Transformations on the Thames
Whistler’s arrival in London in 1858 coincided with massive construction on the banks of the Thames that would change the appearance and character of the city forever. Whistler moved to London shortly after publishing his first set of etchings in 1858 and remained in England on and off for the rest of his life. He and fellow artists Francis Seymour Haden and Walter Greaves captured the character of a city about to disappear.
Paris was not the only major European city experiencing major urban renewal and construction. In the late 1850’s, pollution and flooding on the Thames threatened public safety. The House of Commons had to move from its traditional meeting place on the lower Thames because of the foul smell. “The Great Stink” of 1858, as it was called, prompted plans to reinforce the riverbanks and build water treatment centers and extensive sewers. While these projects secured a clean water supply for London and alleviated the sanitation problems and pollution, they also changed the character of lower-class neighborhoods such as Chelsea. Whistler arrived in London just in time to document the Thames before it changed forever. In its review of Whistler’s Thames Set, the contemporary periodical Punch noted that these etchings of life on the banks were “all the more precious because the beauties they perpetrate are dying out.”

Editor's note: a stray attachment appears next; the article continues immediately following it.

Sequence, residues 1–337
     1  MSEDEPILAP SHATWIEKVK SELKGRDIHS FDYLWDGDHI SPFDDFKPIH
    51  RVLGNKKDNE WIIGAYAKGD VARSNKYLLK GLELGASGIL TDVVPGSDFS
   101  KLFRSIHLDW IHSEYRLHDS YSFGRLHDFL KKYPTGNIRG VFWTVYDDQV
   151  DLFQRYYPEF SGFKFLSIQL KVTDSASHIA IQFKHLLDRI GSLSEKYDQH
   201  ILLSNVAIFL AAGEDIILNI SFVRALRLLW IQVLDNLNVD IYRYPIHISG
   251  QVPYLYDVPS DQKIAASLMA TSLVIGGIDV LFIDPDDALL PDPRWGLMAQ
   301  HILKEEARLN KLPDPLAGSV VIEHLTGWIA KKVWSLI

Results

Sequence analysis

For over twenty years, Whistler lived in London on the Thames, observing everyday urban life. He did a number of river scenes of bridges, boats and longshoremen that focus on the industry and life on the water. On the banks of the Thames in Chelsea, he met Walter Greaves, the son of a boat-maker. Greaves was Whistler’s studio apprentice and accompanied Whistler on his sketching trips day and night. While Greaves never equaled Whistler’s technical skill, he was influenced by the American-born artist’s style and choice of subject matter.
Whistler’s brother-in-law, Francis Seymour Haden, was a skilled etcher in his own right and a Rembrandt devotee. Haden, who was later knighted for his services to art, was a practicing surgeon until he encountered Rembrandt’s etchings. He championed the Dutch master’s art, mounting exhibitions and lecturing extensively. Whistler, who became close to the Haden family in the 1850s, encouraged Haden to try his hand at etching, and the two worked closely for many years.
Whistler was never able to accept Haden as a master etcher in his own right. He became jealous when Haden found success and critical praise. The two argued in 1867 and Whistler pushed Haden out the window of a Paris café, effectively ending their personal and working relationship. While Haden depicted changing London, he also created rural landscapes in the classic European tradition. His prints show the same dynamic contrast between light and dark seen in the Dutch landscapes of Rembrandt and other masters.
- C. Grace Young